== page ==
Haroset is a fruit-and-wine concoction eaten during the Passover Seder and said to represent the mortar that the Israelites used to build Pharaoh's temples. Here's a flourless cake that uses those flavors to create a dessert perfect for Passover - and with a luscious, thick, Italian sauce (pronounced zah-bahl-YOH-nay).
Active Time: 45 minutes |
Total Time: 3 1/4 hours
4 sheets whole-wheat matzo, (5 ounces), broken into pieces
2/3 cup walnut pieces
1 tart green apple, peeled and diced
2 teaspoons freshly grated lemon zest
1 teaspoon ground cinnamon
1 teaspoon minced peeled fresh ginger
1/2 teaspoon salt
2 tablespoons white sweet dessert wine, such as Muscat or ice wine
5 large eggs, at room temperature (see Cake-Baking Tips)
3/4 cup packed light brown sugar
6 egg yolks, (including the 2 reserved in Step 3)
1/4 cup granulated sugar
2/3 cup white sweet dessert wine, such as Muscat or ice wine
To prepare cake: Preheat oven to 350°F. Grind matzo in a food processor until powdery; transfer to a medium bowl. Coat a 9-inch springform pan with cooking spray. Place 3 tablespoons of the ground matzo in the pan; turn and tilt to coat the sides and bottom. Transfer the remaining matzo to a bowl and set aside.
Put walnuts, apple, lemon zest, cinnamon, ginger and salt in the food processor; process until finely ground. Add 2 tablespoons wine and process until a paste forms.
Separate 4 of the eggs; reserve 2 yolks for Step 4 and 2 yolks for the zabaglione sauce (Step 7). Beat the 4 egg whites in a medium bowl with an electric mixer on high speed until soft peaks form.
Beat the remaining whole egg and 2 of the egg yolks with brown sugar in a large bowl on medium speed until thick and very creamy, about 4 minutes.
Fold the walnut mixture into the egg-yolk mixture using a rubber spatula. Fold in the reserved ground matzo, then fold in the whites until incorporated. Scrape the batter into the prepared pan, spread to the edges and gently rap the pan against the counter a few times so the matzo on the side falls down onto the batter, forming a decorative edge.
Bake until lightly browned and a toothpick inserted into the center comes out clean, about 45 minutes. Cool on a wire rack until room temperature, about 2 hours.
To prepare zabaglione sauce: Shortly before serving, bring about 1 inch of water to a boil in the bottom of a double boiler (see Tip). In the top of the double boiler, off the heat, beat 6 egg yolks and sugar with an electric mixer on medium speed until thick and pale, about 3 minutes. Beat in 2/3 cup wine. Adjust the heat and place the top pan over gently simmering water. While maintaining a slow simmer, beat the sauce on medium speed until it is thick enough to hold its shape when mounded up into hills with a spoon, about 5 minutes. Serve the cake with the sauce.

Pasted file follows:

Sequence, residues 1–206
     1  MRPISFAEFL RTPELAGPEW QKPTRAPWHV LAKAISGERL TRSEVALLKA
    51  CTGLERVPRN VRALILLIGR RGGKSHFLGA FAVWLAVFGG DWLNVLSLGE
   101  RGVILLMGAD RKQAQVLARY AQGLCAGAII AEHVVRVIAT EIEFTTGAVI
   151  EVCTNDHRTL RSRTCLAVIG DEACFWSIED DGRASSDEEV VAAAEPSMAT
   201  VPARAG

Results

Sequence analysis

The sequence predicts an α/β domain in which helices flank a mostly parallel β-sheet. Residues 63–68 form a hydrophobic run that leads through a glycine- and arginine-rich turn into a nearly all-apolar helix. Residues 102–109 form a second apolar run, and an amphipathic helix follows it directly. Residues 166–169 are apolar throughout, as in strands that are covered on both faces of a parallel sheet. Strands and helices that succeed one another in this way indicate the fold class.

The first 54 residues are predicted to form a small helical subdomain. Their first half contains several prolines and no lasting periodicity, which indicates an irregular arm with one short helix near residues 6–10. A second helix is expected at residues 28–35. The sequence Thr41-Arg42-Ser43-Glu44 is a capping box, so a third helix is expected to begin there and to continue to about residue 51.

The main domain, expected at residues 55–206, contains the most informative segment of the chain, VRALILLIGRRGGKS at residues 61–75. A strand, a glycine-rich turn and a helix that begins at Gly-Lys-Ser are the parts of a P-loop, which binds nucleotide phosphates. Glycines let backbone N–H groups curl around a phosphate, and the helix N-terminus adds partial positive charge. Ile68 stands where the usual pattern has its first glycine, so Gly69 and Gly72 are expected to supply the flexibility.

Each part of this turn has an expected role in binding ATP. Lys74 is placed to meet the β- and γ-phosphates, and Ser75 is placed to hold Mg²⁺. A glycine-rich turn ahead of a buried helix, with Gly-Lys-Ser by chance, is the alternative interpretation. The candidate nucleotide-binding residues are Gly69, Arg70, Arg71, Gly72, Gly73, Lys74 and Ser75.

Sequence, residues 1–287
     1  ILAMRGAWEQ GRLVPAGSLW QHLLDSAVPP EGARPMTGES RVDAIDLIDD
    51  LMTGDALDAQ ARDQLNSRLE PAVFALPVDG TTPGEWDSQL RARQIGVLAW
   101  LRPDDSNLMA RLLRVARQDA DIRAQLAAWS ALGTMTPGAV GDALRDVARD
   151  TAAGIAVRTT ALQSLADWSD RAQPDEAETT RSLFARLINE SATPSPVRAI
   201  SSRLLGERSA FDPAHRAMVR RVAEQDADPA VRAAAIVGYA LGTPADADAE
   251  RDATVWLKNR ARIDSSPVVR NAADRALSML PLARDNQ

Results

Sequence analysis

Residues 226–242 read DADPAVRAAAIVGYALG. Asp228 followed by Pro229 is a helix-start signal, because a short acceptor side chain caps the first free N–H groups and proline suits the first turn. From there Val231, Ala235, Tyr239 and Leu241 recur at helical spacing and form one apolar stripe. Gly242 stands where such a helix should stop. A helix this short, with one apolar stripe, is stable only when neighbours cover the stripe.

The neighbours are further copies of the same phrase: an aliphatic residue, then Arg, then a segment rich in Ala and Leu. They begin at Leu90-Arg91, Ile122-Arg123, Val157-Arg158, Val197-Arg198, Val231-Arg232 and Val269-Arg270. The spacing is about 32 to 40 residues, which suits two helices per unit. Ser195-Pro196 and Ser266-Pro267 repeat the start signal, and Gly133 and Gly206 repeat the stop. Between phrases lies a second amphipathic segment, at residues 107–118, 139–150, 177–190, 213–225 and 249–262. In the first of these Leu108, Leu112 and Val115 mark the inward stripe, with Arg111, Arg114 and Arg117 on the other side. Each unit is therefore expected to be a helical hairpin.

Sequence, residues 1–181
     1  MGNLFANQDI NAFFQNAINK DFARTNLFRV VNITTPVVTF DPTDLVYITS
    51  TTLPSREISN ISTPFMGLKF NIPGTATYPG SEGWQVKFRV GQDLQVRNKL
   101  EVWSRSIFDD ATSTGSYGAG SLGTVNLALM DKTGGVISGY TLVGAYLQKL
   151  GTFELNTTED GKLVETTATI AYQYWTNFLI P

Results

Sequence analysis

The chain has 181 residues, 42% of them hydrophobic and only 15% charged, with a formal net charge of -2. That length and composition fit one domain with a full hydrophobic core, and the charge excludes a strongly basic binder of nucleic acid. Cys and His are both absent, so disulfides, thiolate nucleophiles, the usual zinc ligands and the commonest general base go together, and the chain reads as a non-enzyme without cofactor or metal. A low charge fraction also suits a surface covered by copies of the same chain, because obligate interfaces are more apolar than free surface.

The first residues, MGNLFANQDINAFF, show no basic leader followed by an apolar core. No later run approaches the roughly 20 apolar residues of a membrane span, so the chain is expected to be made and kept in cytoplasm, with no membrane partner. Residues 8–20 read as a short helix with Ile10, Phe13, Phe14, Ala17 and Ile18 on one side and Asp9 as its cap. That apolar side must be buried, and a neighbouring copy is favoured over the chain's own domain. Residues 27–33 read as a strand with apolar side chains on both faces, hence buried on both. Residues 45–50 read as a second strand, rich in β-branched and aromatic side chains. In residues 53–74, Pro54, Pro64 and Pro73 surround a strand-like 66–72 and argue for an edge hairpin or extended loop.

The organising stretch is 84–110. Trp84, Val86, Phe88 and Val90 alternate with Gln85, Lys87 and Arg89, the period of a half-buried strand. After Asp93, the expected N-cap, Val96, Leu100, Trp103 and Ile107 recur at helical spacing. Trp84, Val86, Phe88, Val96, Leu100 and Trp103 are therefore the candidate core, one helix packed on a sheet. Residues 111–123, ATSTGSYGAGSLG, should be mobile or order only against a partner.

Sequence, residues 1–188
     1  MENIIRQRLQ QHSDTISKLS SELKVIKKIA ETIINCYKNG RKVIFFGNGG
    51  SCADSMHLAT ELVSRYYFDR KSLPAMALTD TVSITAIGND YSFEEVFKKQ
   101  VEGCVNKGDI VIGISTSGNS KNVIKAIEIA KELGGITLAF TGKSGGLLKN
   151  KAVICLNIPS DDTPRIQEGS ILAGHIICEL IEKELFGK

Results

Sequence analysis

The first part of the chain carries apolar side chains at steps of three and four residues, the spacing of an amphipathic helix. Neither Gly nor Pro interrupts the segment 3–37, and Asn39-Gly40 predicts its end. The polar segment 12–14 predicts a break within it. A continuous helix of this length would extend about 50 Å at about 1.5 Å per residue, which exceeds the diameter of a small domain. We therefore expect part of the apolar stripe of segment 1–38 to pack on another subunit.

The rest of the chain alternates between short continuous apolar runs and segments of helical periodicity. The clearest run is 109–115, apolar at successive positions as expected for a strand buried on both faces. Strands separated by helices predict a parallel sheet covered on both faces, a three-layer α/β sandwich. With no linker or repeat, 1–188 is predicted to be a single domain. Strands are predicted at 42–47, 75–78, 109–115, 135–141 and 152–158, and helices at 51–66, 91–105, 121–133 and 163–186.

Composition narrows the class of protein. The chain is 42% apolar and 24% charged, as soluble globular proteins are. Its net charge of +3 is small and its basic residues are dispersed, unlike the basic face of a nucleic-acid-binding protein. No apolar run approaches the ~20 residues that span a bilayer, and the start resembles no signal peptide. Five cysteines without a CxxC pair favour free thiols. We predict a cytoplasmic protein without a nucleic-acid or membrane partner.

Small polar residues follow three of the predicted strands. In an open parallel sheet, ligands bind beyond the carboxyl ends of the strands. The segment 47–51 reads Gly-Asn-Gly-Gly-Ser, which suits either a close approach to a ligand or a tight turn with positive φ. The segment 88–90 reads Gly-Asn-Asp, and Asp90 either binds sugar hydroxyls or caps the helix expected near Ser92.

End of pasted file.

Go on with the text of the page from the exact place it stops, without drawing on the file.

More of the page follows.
Per serving :
8 g Fat;
2 g Sat;
2 g Mono;
155 mg Cholesterol;
28 g Carbohydrates;
6 g Protein;
2 g Fiber;
130 mg Sodium;
123 mg Potassium
2 Carbohydrate Serving
Exchanges: 2 other carbohydrates, 1 fat
Tips & Notes
Make Ahead Tip: Wrap the cake in plastic wrap and store at room temperature for up to 1 day. Make the zabaglione sauce just before serving. | Equipment: 9-inch springform pan
Equipment Tip: To improvise a double boiler, set a metal bowl over a pan of simmering water. Allow at least an inch between the water and the bottom of the bowl.
When using cake pans, they must be greased and floured to create a thin layer of protection against the oven's heat. For greater convenience, use a cooking spray that has flour in the mix, such as Pam for Baking, Baker's Joy or Crisco No-Stick Flour Spray.
Whole-wheat pastry flour has less gluten-forming potential than regular whole-wheat flour, making it a better choice for tender baked goods.
To properly measure flour when baking, use a spoon to lightly scoop flour from its container into a measuring cup. Once in the measuring cup, use a knife or other straight edge to level the flour with the top of the cup. If the measuring cup is dipped directly into the container—a common mistake—the flour will be packed into the cup and result in extra flour being added to the recipe, yielding tough, dense baked goods.
Room-temperature butter for a batter is one of the biggest culinary missteps. In fact, butter must be below 68°F to trap air molecules and build structure. Otherwise, the fat will be liquefied and the cake will be flat. To get “cool” butter: Cut refrigerated butter into chunks and let them sit in a bowl for 5 minutes before beating.
Eggs must be at room temperature for the proteins to unwind enough to support the cake's crumb. Either set the eggs out on the counter for 15 minutes or submerge them in their shells in a bowl of lukewarm (not hot) water for 5 minutes.
Although you cannot overbeat the eggs, sugar and butter, you can overbeat the flour. If you do, you'll develop the gluten and create a quick bread rather than a layer cake. Beat the flour just until there are no white grains of undissolved flour visible but not until the batter is smooth.